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Aquatic Microbial Ecology

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AME 46:125-140 (2007)  -  doi:10.3354/ame046125

Effects of nutrient enrichment on Prymnesium parvum population dynamics and toxicity: results from field experiments, Lake Possum Kingdom, USA

Daniel L. Roelke1,2,*, Reagan M. Errera1, Richard Kiesling3, Bryan W. Brooks4, James P. Grover5, Leslie Schwierzke1, Fabiola Ureña-Boeck4, Jason Baker5, James L. Pinckney6

1Department of Wildlife and Fisheries Sciences, and 2Department of Oceanography, Texas A&M University, 2258 TAMUS, College Station, Texas 77843-2258, USA
3Environmental Science Institute, University of Texas at Austin, and US Geological Survey, 8027 Exchange Drive, Austin, Texas 78754-4733, USA
4Department of Environmental Studies, and Center for Reservoir and Aquatic Systems Research, Baylor University, One Bear Place #97266, Waco, Texas 76798, USA
5Department of Biology, and Program in Environmental and Earth Sciences, University of Texas at Arlington, Box 19498, Arlington, Texas 76019, USA
6Marine Science Program and Department of Biological Sciences, University of South Carolina, Columbia, South Carolina 29208, USA

ABSTRACT: Large fish kills associated with toxic populations of the haptophyte Prymnesium parvum occur worldwide. In the past 5 yr, incidences of P. parvum blooms in inland water bodies of Texas (USA) have increased dramatically, where cell densities in excess of 1 × 107 cells l–1 are typically observed. We conducted field experiments (Lake Possum Kingdom) during the fall and early spring of 28 d duration using 24 enclosures of 1.57 m3 each. The experiments investigated the effect of nutrient enrichment, immigration of P. parvum and addition of barley straw extract on phytoplankton biomass and assemblage structure, P. parvum population density, zooplankton biomass and assemblage structure, bacteria, and toxicity. Nutrient enrichment stimulated P. parvum population growth beyond bloom proportions (>1 × 107 cells l–1). However, P. parvum did not dominate the assemblage under these conditions, as it does during natural blooms. Instead, euglenophytes and chlorophytes dominated. Toxicity, estimated using fish (Pimephales promelas) and cladoceran (Daphnia magna) bioassays and which is linked to P. parvum’s allelopathic and mixotrophic effectiveness, was greatly reduced (eliminated in many cases) under conditions of nutrient enrichment. The suppression of toxicity by nutrient addition suggested that targeted and time-limited nutrient manipulations might be used to mitigate the effects of P. parvum blooms. Immigration of P. parvum into natural assemblages and addition of barley straw extract had no significant effect on plankton dynamics.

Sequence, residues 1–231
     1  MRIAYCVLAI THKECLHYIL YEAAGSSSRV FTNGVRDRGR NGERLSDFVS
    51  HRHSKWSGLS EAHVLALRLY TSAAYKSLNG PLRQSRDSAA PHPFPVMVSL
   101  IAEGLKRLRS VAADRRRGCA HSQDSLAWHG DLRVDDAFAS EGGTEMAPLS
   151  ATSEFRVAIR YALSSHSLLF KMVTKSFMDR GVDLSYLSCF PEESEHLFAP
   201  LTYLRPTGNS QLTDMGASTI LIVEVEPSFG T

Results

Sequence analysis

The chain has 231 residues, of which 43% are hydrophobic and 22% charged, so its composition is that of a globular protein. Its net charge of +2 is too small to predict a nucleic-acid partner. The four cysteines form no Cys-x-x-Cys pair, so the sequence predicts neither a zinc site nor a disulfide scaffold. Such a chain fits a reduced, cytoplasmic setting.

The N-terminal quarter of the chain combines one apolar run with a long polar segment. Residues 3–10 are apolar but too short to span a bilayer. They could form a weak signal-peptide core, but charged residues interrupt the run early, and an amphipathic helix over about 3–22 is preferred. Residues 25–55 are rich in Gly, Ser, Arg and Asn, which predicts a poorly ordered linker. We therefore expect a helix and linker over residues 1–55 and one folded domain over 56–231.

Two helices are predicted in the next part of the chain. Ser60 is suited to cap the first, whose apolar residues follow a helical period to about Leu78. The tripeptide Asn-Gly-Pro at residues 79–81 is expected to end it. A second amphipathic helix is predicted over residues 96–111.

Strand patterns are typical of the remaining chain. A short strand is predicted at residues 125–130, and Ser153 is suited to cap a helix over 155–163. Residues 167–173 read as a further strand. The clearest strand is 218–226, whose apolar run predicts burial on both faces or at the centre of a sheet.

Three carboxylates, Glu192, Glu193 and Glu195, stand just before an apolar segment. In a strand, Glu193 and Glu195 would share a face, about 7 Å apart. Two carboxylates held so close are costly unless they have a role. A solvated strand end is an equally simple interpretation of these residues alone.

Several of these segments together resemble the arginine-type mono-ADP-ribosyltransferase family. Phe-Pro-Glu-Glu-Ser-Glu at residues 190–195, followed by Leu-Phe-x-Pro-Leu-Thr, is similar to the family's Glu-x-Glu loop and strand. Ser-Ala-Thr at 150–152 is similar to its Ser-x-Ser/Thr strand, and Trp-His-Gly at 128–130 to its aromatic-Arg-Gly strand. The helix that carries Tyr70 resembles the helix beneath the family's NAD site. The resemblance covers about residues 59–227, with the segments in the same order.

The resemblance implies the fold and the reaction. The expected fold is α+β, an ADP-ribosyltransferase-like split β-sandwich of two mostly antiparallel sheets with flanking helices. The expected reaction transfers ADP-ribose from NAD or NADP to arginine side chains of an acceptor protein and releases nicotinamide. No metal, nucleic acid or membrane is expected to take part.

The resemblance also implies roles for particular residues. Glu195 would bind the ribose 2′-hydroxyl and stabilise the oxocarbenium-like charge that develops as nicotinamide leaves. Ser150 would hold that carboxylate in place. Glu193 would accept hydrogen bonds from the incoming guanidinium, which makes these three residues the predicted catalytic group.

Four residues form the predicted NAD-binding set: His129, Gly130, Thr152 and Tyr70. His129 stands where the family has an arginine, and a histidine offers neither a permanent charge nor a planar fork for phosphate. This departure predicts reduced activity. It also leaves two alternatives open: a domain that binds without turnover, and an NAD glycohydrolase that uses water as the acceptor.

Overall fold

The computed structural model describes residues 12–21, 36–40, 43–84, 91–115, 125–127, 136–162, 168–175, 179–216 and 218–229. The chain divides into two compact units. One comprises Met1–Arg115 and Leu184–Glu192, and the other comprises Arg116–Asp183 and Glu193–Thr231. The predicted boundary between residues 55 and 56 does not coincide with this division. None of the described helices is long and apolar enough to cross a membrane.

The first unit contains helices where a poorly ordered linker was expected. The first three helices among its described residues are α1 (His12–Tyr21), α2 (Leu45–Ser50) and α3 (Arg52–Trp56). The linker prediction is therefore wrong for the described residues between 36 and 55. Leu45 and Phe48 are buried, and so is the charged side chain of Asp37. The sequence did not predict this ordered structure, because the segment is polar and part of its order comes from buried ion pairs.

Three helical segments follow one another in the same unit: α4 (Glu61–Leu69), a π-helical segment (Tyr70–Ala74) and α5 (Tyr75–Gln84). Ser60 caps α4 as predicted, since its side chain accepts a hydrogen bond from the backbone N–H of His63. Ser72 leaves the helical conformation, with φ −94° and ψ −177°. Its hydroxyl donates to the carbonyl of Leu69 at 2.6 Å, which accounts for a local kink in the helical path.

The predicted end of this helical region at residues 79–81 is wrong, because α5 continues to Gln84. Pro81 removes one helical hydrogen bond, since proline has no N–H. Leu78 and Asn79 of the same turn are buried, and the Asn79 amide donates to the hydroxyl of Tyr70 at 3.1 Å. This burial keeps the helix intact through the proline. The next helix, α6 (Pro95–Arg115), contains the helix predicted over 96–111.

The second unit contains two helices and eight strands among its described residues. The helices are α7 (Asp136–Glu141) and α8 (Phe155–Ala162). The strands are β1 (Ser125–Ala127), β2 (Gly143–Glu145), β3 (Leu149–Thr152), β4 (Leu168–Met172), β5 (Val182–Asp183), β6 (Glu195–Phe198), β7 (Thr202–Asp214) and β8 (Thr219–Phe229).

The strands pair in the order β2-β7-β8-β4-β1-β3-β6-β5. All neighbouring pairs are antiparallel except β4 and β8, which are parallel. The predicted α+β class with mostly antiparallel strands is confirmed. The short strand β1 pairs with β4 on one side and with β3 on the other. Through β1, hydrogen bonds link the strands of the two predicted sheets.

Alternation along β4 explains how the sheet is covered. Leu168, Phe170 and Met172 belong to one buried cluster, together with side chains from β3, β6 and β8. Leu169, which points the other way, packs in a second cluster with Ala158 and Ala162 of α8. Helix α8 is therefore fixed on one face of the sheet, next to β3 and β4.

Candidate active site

KEY WORDS: Harmful algal bloom · HAB · Management · Mitigation · Immigration · Barley straw extract

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